4. #4
    herbert's Avatar
    Join Date
    Oct 2010
    Location
    Sussex, UK
    Posts
    471
    Real Name
    Alex

    Re: Cant spot the difference

    Hi Derek,

    If you are using DPP to look at the photos they will look the same. This is because the canon software respects all of the settings from your camera including the picture style. However if you shoot raw you can change these settings after taking the shot within DPP. It is a good way to see how the picture styles effect your photos, e.g. Landscape, portrait, monochrome.

    This is just the tip of the iceberg to what you can do with raw files. The best thing is to experiment with the settings on the first tab such as picture styles, sharpening, contrast, exposure and white balance. All of these are greyed out for jpeg images since they have already been applied in camera. For jpegs you can only apply curves and some other simpler settings on the second tab (these are still available when shooting raw).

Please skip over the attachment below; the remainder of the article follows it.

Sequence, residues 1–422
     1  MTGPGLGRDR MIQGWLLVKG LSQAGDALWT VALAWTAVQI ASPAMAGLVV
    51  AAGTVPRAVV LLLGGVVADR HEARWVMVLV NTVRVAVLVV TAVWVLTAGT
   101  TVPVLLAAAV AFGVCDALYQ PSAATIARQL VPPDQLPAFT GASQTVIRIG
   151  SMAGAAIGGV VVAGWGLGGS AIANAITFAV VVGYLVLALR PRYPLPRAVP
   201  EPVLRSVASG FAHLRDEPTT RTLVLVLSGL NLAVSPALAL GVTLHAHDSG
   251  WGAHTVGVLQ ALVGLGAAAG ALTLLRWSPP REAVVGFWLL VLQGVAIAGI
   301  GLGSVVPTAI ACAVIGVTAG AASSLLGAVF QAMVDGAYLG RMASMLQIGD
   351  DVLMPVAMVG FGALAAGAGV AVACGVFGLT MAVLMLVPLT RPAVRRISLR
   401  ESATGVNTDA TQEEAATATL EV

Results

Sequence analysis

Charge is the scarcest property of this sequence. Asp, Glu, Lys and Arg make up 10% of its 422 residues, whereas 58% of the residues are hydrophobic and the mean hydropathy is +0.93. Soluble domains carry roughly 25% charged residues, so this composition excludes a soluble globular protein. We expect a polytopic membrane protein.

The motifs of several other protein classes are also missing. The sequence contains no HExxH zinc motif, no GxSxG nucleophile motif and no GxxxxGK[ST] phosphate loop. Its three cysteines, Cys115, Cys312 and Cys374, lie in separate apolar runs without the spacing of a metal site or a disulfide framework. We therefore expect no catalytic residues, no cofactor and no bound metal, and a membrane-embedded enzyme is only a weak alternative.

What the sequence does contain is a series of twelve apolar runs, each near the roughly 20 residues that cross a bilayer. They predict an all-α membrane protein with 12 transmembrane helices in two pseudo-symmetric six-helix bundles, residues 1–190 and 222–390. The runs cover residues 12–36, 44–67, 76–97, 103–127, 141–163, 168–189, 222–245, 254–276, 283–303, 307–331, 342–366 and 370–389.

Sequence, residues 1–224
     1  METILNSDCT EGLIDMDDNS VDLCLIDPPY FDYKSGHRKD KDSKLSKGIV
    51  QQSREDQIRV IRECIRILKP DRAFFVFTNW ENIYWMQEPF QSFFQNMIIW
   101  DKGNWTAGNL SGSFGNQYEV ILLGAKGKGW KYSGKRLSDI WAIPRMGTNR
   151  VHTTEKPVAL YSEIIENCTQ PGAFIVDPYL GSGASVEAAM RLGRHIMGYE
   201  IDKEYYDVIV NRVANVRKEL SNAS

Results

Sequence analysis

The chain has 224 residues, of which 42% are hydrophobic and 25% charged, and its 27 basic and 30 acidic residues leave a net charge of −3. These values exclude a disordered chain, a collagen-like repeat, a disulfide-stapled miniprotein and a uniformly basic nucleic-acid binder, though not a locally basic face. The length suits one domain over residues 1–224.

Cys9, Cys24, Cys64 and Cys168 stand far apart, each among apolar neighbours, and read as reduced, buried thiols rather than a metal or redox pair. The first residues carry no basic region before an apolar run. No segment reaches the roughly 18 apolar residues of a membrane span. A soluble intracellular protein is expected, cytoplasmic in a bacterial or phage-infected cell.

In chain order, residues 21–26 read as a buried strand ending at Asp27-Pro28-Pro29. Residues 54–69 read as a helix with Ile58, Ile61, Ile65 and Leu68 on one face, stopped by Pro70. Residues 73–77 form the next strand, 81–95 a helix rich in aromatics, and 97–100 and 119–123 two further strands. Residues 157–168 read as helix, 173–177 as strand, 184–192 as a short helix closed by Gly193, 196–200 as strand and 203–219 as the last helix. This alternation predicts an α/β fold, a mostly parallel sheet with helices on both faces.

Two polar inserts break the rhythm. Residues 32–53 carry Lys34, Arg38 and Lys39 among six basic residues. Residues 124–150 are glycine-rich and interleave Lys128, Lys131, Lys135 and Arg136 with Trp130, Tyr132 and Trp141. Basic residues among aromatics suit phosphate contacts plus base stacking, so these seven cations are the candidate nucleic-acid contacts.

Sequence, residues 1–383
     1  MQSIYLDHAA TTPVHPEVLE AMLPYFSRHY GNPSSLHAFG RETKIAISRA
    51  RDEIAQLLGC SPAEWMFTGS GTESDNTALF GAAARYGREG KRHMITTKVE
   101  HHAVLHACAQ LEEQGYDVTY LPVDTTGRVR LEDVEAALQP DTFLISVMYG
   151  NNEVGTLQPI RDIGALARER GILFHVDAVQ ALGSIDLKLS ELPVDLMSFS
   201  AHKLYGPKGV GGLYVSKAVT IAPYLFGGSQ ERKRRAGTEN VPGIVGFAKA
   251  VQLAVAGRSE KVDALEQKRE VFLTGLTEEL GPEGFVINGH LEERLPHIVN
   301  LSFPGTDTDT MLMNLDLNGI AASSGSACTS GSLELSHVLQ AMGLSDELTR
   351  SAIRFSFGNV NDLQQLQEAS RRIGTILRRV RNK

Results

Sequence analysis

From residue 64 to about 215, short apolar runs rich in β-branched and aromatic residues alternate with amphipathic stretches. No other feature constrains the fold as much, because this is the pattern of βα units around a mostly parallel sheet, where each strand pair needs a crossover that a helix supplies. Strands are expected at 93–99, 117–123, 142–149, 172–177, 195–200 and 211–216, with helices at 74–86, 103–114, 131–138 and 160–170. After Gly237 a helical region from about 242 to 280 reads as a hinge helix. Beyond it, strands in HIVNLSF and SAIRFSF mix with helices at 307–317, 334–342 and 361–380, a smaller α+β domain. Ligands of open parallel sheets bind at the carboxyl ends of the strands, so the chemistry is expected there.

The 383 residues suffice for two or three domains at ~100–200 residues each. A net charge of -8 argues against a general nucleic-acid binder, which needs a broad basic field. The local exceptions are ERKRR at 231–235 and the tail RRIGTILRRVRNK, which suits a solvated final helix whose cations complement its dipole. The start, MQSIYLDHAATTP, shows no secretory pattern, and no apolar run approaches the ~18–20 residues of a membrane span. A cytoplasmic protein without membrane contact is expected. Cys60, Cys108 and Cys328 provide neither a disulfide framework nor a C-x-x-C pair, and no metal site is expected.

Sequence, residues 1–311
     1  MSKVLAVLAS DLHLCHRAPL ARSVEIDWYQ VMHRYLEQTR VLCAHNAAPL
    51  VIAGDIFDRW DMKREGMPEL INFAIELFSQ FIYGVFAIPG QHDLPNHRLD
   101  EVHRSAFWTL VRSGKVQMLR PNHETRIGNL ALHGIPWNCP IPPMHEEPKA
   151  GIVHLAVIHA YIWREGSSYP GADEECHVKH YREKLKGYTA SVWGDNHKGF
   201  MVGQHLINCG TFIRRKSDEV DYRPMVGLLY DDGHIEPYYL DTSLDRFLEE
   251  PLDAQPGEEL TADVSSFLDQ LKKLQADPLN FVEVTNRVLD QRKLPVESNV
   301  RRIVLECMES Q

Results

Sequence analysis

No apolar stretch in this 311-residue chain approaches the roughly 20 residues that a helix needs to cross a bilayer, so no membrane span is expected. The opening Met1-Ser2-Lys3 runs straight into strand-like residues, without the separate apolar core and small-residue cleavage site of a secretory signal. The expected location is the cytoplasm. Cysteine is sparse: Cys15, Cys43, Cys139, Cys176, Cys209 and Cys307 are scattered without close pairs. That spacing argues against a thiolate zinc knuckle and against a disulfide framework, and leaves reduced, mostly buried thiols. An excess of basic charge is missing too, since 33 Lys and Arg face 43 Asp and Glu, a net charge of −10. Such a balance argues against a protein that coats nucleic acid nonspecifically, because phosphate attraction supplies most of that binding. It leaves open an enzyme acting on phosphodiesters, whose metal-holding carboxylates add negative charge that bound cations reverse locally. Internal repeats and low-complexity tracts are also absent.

The white balance and exposure are the two key ones to try out. White balance can help fix those shots where colours just look a bit weird and you do not know why.

    Any more questions then post them here and someone will help you out.

    Alex

  5. #5

    Join Date
    Nov 2009
    Location
    Provence, France
    Posts
    910
    Real Name
    Remco

    Re: Cant spot the difference

    Another thing to keep in mind is, that the preview image used for RAW files (and embedded in the RAW file, normally)
    is the same image as the in-camera JPG (scaled down, though). So it's fairly normal that there's no or very little visible
    difference between the RAW preview and the in-camera JPG on screen...

    Remco

  6. #6

    Join Date
    Nov 2011
    Location
    Preston uk
    Posts
    17

    Re: Cant spot the difference